For Farrell, The novel – and surprising – part of the report is the appeal to “protective jurisdiction,” in fact the global law enforcement agency, when the Justice Department believes that activities involving cryptocurrencies can have an impact on national security. Farrell said:

“You see this concept anchored in international treaties on hostage-taking, terrorist attacks and terrorist financing. To hear that the same foundation can be applied to the cryptocurrency industry was staggering and an indicator of how seriously the Justice Department takes the potential criminal abuse of this transformative and evolving technology. “

Law enforcement tools serving the Ministry of Justice

Proclaiming jurisdiction over people and organizations that may be thousands of miles off the coast of the United States is simply a symbolic step when there are no real means of holding them accountable. However, US law enforcement has a large arsenal.

A heavy weapon This is the level of control that United States financial authorities have over the traditional global monetary system. Dan Newcomb Shearman Sterling commented on Cointelegraph:

“The most important compliance instrument in the USA is the dominant role of the US dollar in international trade and the fear that conventional financial institutions could be excluded from US dollar transactions. Most digital asset owners need and want to convert those assets to traditional currencies at some point in the financial institutions. It is a powerful tool to prevent a digital player from accessing traditional financial institutions. “

Devlin brown by Covington Burling said The Department of Justice can rely on a number of powerful laws that can be used to prosecute cryptocurrency actors residing abroad:

“For example, the United States Money Laundering Act can apply to almost any US dollar transaction that US authorities can set up that involves many types of criminal activity. For example, Germany is covered to Argentina because a US American bank is likely to act as an intermediary in the transaction. “

Michael Yaeger, a white-collar crime attorney with the Carlton Fields law firm and former United States Assistant Attorney for the Eastern District of New York, He told Cointelegraph that the Justice Department report did not reveal any new tools to prosecute foreign actors. However, Yaeger noted: that the collection of previous cases shown in the document “provides useful examples of its powers and possibly indications of which instruments will be used more frequently in the future”.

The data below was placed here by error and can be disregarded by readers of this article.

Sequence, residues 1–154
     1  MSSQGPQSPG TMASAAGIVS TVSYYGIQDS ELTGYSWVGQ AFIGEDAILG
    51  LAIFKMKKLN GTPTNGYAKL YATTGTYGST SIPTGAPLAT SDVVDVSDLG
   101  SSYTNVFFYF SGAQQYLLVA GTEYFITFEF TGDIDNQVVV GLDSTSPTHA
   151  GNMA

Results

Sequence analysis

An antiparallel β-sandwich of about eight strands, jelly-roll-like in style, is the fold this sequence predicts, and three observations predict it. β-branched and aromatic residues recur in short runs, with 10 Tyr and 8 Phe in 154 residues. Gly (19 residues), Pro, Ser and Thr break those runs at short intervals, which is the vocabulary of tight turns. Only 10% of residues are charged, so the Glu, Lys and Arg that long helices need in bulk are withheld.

One thing that caught Yaeger’s attention It’s the fact that the report seems to mention the seizure efforts more than previous DOJ reports on cybercrime:

“When the seizure is tied to the pre-trial seizure of assets, it is not only an effective but also an unusually rapid means. The United States has several cooperation agreements with other countries, including agreements to share data with foreign law enforcement agencies, law enforcement and intelligence agencies and has specific arrangements related to the seizure and exchange of financial information. “

There is no doubt that the government is ready to use this and other international agreements to implement its new law enforcement strategy. Promoting collaboration with foreign governments and intergovernmental organizations such as the FATF is one of the priorities of the framework for cryptocurrencies.

The language of the DoJ’s framework for extraterritorial jurisdiction and cross-border enforcement may sound harsh to some. In reality, however, the government is not formulating any drastically different principles than those already cited in some high profile cryptocurrency cases. It makes sense to say that these standards will be applied more systematically, given the expansion and maturation of the limitless realm of digital finance.